Hudson covered his grin behind his hand, helped Zito as he rose stumblingly, one last draw on his beer before he set it down and swiped his arm dramatically across his mouth, scowling in the direction of Mulder.
He nodded decisively. “A’ight. I’ma go. If I’m not back in ten minutes—”
“Go already!” Huddy exhorted, flapping his hands impatiently in a shooing gesture.
Zito grinned affectionately at him. “That’s just the kind of enthusiasm I need. You the best, Huddy.” He rubbed his palm across Hudson’s head, Hudson knocking his arm away, shoving him towards the bar.
Zito staggered briefly, regained his balance and strode with what he surely thought was unimpeachable authority, only to get to the bar and find Mulder gone. He twisted in a full 360, almost lost his balance again, and punched Chavez on the arm.
“Where’d he go?”
Chavez looked over, irritation lining his forehead, rubbing his arm. “Ow, by the way.”
Zito punched him again, same spot. “Where’d he go?”
Chavez punched him back, knuckling Zito’s arm hard. “You’re a real obnoxious son of a bitch when you get wasted, you know that?”
Zito drew back his fist to knock Chavez again, but Chavez snagged his wrist. “Stop hitting me. Or I’ll have to kick your ass.”
Zito switched tactics, busting open a wide grin. “Hey, Chavvy, how ya doin’?”
Chavez still held Zito’s wrist, eyeing him distrustfully. “You done trying to be tough?”
Zito nodded cheerfully, wiggled his hand in Chavez’s grip. “Done. Who’s tough? Not me, for reals. I’m the least tough.”
Chavez had to laugh, letting the other man go. “All right, I take it back, you’re not an obnoxious son of a bitch when you’re drunk, you’re fuckin’ schizophrenic when you’re drunk.”
Zito beamed. “Thanks, man.”
Chavez shook his head, chuckling. “What’d you want, anyway?”
Scratching his head, Zito said intelligently, “Um.” For the life of him, he couldn’t remember why he’d come over. He’d gotten so caught up in the fun of exchanging punches with the third baseman, he’d totally lost track of everything else. “I . . . definitely wanted . . . something . . .” he trailed off, hopelessly confused.
Snickering, Chavez pushed a shot of Jack in Zito’s direction. “Here. Memory aid.”
Zito clapped one hand on his friend’s shoulder, picking up the glass with the other, toasting with an inestimable amount of blacked-out charm, “To . . . remembering stuff. And to this guy right here.” He shook Chavez’s shoulder, knocked back the whiskey.
His eyes quickly watered, and he snapped in a hard breath. “Woo,” he said unsteadily.
Chavez slapped him approvingly on the back. “There you go, drinking like a man now. Mulder wouldn’t even touch the hard stuff.”
Zito’s eyes widened. “Mulder! Son of a bitch! That’s what . . . I’m looking for that punk.”
Chavez lifted an eyebrow. “Yeah?”
Zito nodded intensely, scrubbing a hand through his hair, his eyes shaded with doubt they’d all come to know by heart. “Got some unfinished business. Or . . . something to that effect. Where’d the little bitch go?”
Smirking, Chavez jerked a thumb over his shoulder. “He was making a phone call, I think. But hey, call him a little bitch when you find him, willya? Promise me you will.” Chavez hooked a tiny mischievous smile, wondering if Zito would return with a black eye or a fat lip.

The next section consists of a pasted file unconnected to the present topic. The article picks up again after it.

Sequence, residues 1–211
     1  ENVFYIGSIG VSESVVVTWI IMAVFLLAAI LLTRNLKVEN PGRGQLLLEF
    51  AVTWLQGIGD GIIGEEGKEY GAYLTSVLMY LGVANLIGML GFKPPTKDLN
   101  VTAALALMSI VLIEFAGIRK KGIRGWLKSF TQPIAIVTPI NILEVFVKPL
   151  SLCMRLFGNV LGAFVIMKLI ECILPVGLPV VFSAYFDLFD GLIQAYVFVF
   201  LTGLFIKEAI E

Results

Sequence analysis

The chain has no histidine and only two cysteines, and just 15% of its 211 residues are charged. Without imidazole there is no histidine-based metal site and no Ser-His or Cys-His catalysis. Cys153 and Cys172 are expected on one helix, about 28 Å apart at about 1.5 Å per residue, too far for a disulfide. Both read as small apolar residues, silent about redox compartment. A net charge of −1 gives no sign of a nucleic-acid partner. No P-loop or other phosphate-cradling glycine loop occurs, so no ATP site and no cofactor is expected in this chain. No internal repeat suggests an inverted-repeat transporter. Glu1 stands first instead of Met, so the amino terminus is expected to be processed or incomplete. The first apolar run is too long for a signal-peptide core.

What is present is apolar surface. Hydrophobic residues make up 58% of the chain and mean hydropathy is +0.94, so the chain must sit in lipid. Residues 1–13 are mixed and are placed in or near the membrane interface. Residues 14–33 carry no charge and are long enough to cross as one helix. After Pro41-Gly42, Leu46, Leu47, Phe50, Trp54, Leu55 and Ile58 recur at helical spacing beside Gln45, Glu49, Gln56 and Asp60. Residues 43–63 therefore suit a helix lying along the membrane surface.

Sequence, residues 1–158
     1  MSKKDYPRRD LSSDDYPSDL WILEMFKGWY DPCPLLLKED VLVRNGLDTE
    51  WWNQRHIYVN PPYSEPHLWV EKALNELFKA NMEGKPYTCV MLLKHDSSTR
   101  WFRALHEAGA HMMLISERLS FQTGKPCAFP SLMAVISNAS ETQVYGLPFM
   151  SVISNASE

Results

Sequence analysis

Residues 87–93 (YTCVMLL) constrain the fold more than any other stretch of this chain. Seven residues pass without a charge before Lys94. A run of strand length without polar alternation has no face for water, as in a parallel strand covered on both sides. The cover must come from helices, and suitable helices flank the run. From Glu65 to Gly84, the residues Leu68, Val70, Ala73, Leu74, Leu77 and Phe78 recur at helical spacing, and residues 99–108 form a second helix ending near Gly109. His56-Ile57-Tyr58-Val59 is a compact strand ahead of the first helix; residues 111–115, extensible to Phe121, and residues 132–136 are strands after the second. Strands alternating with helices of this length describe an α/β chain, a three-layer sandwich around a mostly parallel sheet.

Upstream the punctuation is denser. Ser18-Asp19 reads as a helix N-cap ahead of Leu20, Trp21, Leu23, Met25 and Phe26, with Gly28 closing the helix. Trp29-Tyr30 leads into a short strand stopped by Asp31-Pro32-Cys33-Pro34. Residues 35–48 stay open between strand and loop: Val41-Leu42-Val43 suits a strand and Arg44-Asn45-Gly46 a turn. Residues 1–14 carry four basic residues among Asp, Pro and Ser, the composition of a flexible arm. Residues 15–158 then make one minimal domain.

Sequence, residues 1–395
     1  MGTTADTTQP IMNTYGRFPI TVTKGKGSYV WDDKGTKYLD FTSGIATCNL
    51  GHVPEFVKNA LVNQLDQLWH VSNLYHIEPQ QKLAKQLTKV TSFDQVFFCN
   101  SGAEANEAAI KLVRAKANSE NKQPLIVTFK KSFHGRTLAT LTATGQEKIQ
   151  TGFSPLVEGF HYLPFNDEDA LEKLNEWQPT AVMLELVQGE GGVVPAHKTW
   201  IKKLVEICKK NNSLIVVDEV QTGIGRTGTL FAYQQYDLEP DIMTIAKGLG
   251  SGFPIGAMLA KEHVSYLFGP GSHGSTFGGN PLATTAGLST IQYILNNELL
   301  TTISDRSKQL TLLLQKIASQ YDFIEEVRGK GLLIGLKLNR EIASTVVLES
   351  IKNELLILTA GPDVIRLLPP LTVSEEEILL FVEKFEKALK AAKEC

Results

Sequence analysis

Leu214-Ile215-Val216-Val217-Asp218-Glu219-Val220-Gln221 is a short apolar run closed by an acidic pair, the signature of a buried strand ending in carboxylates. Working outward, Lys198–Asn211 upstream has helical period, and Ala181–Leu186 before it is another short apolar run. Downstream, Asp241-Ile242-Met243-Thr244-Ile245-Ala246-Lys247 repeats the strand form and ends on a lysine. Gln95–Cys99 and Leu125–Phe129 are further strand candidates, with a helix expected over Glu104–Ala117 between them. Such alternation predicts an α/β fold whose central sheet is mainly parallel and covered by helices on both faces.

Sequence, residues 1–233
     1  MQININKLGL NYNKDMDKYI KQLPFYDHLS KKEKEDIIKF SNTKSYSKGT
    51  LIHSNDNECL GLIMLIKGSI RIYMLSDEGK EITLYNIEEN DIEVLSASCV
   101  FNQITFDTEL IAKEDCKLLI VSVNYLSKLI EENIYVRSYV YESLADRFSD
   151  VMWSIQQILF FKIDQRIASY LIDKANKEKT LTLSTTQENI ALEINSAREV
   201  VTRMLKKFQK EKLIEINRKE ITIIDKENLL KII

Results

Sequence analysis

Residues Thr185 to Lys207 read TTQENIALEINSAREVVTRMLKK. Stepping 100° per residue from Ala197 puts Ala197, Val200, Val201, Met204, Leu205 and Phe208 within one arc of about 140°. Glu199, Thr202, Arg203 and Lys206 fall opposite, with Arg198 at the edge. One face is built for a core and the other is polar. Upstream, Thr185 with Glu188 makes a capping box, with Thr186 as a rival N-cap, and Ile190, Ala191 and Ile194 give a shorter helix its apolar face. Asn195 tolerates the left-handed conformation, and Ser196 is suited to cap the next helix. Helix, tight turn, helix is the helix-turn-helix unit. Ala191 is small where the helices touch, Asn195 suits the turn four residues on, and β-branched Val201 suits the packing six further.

Zito bobbed his head, banging his fist on the bar. “Abso-fucking-lutely, I will. No doubt about it.”
“Excellent,” Chavez grinned.
Zito half-tumbled off the stool, his hand sliding across Chavez’s back, hanging on until he had to continue under his own power. Chavez watched him go, then went back to sit with Hudson, slouching in the booth, bending a satisfied look at the pitcher.
“Just sent Zito to his death.”
Hudson nodded seriously. “Well done,” lifting his glass for Chavez to clink a solemn toast.
In the back hallway, the payphone was abandoned, and Zito blinked in uncertainty, tottering and squinting against the dim light. After probably too much time looking for Mulder in the clearly empty hallway, it finally occurred to Zito that his friend wasn’t there, and he pushed his way into the men’s room.
Mulder was in there, washing his hands, and Zito stopped dead, looking purely befuddled, like Mulder had appeared out of thin air.
“What . . . what’re you doing?” Zito asked, baffled, having maybe not expected to actually find the other man.
Mulder slanted him an incredulous look, a crook of a smile playing on his face. “My taxes,” he said dryly, shaking the water off his hands.
That did nothing to help Zito’s confusion, but he tried to stick to the plan. “I’m pissed off at you,” he said with as much intimidation as he could muster, glaring at the other man foggily.
Mulder raised his eyebrows, cocked his hip against the edge of the sink. “Is that right?” he replied casually, apparently not intimidated at all.
“Damn right it’s right! You’re . . . look at you, you’re a thief! Lousy fucking thief. Worst thief ever.” Zito poked a finger at Mulder’s chest, then poked him again when the first had no visible effect.
Mulder looked down at his chest, Zito’s index finger pressed against his body. “Are you okay?”
Zito shook his head, scowling murderously. “No! ‘Cause you stole my goddamn curve!”